National 4-H Council Trustee Tess Hammock, Forsyth, GA, testified before members of Congress on the importance of agriculture and engaging young people to help meet food security demands of the future. Hammock reminded committee members that food production must double by 2050 to respond to projected population growth, and recommended engaging more young people in agriculture education and careers to help meet the increased demand.
An agricultural communications major at the University of Georgia, Hammock's testimony was part of a larger hearing of the House Agriculture Subcommittee on Horticulture, Research, Biotechnology and Foreign Agriculture on the importance of Cooperative Extension. The purpose of the hearing was to review the 100 years since the Smith-Lever Act of 1914 was signed into law establishing the Cooperative Extension System.
Cooperative Extension and the nation's land-grant colleges and universities provide a network of professional educators in every county in America to improve their surrounding communities through programs and resources focused on agriculture, home economics, economic development, environmental health and youth development.
"The Smith-Lever Act of 1914 established an invaluable partnership through the national Cooperative Extension Service between land-grant colleges conducting research and the farmer who was able to apply that information to improve his farming system, thereby improving lives and leading our nation into an agricultural revolution," said Congressman Austin Scott, (R-GA), chairman of the House Agriculture Subcommittee on Horticulture, Research, Biotechnology and Foreign Agriculture. "I thank each of our witnesses for providing their valuable testimony today and look forward to further evaluation of the state of the Cooperative Extension Service to ensure a successful model of Cooperative Extension education for many years to come."
Hammock joined fellow National 4-H Council Trustee Delbert Foster, acting vice president, Land-Grant Services, South Carolina State University, Orangeburg, SC at the hearing.
"As Cooperative Extension continues, in the future, the focus will be to address emerging and critical issues that are impacting families, youth communities and agriculture producers," said Foster. "Cooperative Extension, with the research base at the land-grant universities, is in a unique position to respond to the challenges and issues."
Hammock represented 4-H, which is the youth development program of Cooperative Extension and the largest youth development organization in the nation. During her testimony, Hammock discussed the impact that 4-H has had in developing her as a youth leader, sparking her interest in public speaking and preparing her to pursue a career in agricultural communications. Hammock is a Presidential Leadership Scholar at the University of Georgia and a five-time Master Georgia 4-H'er.
During her seven-year 4-H career, Hammock served on the 2011-2012 Georgia 4-H State Board of Directors and won state and national honors in public speaking, communications and the arts, and Leadership in Action.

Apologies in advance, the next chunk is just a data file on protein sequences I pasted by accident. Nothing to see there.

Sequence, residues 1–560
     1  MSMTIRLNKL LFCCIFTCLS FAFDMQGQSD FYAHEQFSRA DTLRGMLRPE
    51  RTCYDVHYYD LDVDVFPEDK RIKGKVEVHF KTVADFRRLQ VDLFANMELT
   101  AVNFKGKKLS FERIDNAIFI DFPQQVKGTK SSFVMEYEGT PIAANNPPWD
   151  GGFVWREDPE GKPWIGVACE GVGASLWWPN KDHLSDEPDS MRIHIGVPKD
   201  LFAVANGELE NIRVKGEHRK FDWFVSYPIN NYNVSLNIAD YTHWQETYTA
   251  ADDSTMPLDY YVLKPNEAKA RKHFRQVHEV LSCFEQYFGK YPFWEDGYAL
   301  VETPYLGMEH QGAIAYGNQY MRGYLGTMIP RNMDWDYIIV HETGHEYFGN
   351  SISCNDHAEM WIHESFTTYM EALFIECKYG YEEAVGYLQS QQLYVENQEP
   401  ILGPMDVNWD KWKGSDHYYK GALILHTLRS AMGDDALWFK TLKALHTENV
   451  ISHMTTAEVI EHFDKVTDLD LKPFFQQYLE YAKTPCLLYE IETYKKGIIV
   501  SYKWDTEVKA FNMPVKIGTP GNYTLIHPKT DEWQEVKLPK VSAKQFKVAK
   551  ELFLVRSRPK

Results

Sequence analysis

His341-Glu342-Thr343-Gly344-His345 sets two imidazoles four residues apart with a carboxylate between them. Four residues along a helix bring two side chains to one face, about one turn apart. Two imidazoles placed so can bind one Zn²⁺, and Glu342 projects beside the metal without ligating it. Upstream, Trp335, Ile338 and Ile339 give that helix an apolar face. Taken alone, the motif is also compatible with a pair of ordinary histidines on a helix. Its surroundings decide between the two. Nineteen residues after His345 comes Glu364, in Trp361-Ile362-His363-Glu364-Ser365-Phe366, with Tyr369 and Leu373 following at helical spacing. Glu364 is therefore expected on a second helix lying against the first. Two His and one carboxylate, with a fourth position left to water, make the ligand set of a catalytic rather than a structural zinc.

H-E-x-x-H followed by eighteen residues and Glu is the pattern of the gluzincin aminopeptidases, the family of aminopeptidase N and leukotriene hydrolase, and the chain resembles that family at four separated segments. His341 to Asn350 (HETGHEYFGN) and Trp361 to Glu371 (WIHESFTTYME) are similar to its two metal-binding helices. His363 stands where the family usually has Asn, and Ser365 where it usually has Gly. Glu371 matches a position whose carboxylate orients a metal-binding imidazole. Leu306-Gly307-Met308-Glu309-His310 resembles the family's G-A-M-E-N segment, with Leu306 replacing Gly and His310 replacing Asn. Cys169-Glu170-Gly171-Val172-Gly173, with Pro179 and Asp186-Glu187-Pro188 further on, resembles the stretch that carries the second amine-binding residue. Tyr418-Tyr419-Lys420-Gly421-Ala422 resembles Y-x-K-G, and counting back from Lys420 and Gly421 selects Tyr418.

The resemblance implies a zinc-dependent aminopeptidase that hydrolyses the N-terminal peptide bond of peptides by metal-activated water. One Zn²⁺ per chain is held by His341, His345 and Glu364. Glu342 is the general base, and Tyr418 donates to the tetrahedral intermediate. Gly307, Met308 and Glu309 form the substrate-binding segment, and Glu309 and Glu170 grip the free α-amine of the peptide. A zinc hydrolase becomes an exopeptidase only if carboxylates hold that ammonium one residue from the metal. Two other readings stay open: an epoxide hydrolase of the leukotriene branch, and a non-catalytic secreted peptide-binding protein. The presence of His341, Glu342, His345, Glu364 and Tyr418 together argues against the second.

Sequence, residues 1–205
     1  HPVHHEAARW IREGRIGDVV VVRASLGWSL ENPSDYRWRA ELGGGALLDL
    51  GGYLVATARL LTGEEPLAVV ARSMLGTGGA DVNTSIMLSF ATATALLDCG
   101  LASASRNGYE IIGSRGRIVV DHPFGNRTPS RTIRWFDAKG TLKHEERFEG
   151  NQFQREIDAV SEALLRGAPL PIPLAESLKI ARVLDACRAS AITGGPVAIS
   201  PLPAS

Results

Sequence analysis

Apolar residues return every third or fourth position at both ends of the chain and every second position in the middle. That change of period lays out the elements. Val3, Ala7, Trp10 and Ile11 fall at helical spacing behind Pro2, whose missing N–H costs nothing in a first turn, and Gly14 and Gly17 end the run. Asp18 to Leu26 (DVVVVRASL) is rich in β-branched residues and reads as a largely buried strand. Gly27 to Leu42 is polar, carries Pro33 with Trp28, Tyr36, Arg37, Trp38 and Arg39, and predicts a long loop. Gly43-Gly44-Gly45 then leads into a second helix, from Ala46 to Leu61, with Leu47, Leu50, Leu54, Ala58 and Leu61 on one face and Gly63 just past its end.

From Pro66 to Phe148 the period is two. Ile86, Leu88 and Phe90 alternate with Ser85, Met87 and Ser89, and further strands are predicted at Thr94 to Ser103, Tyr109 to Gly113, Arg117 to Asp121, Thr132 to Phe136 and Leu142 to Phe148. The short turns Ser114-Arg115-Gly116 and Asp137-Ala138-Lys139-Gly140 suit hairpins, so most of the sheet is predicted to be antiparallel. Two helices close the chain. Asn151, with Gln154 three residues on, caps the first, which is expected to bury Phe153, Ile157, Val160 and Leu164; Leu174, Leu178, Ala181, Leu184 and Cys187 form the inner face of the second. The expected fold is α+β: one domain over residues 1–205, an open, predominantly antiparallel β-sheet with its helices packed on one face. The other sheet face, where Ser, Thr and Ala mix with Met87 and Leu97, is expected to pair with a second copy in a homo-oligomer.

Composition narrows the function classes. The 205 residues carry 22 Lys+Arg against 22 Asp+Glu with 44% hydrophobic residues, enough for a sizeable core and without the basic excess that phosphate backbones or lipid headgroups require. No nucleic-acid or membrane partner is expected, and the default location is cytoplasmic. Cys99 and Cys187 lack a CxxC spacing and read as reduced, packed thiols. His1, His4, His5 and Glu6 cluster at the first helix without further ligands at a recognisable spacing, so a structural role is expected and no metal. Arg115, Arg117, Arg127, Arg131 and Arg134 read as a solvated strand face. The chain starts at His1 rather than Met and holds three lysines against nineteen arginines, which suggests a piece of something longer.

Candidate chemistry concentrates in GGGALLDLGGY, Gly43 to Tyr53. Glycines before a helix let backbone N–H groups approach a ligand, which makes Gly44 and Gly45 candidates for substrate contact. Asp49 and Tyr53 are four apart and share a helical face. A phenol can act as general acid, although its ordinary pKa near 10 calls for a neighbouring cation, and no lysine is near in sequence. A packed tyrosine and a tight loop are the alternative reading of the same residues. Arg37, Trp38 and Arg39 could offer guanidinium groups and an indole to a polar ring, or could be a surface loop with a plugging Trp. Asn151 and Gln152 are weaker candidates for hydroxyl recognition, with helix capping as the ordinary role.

"I am deeply grateful for the leadership skills I acquired in 4-H and the amazing adults who believed in me, including my county extension agent and state program leaders," said Tess Hammock, National 4-H Council Youth Trustee. "4-H taught me that being a leader begins with confidence. Without mentors and 4-H youth leaders, my life would have been very different," added Hammock.
Hammock emphasized that 4-H'ers are tackling issues that matter most in the areas of science, healthy living and food security.
"Food security is an issue that is important to me and is the reason I am pursuing my undergraduate degree in agricultural communications," said Hammock. "Agriculture touches every person on the planet, every day. It has been part of our story since the beginning of time, and it is vital to our very existence. Agriculture has an important story to tell and I want to be one of the voices telling that story."
In addition to Foster and Hammock, other witnesses included:
· Dr. Sonny Ramaswamy, director, National Institute of Food and Agriculture, U.S. Department of Agriculture, Washington, DC;
· Dr. A. Scott Reed, vice provost, University Outreach and Engagement & director, Oregon State University Extension Service, Corvallis, OR; and
• Dr. L. Washington Lyons, executive administrator, Association of Extension Administrators, North Carolina A&T State University.
4-H is a community of seven million young people around the world learning leadership, citizenship, and life skills.
National 4-H Council is the private sector, non-profit partner of the Cooperative Extension System and 4-H National Headquarters located at the National Institute of Food and Agriculture (NIFA) within the United States Department of Agriculture (USDA). In the United States, 4-H programs are implemented by 109 land-grant universities and Cooperative Extension through more than 3,000 local offices serving every county and parish in the country.
Outside the United States, 4-H programs operate through independent, country-led organizations in more than 50 countries.
Learn more about 4-H at www.4-H.org, find them on Facebook at www.facebook.com/4-H and Twitter at https://twitter.com/4H.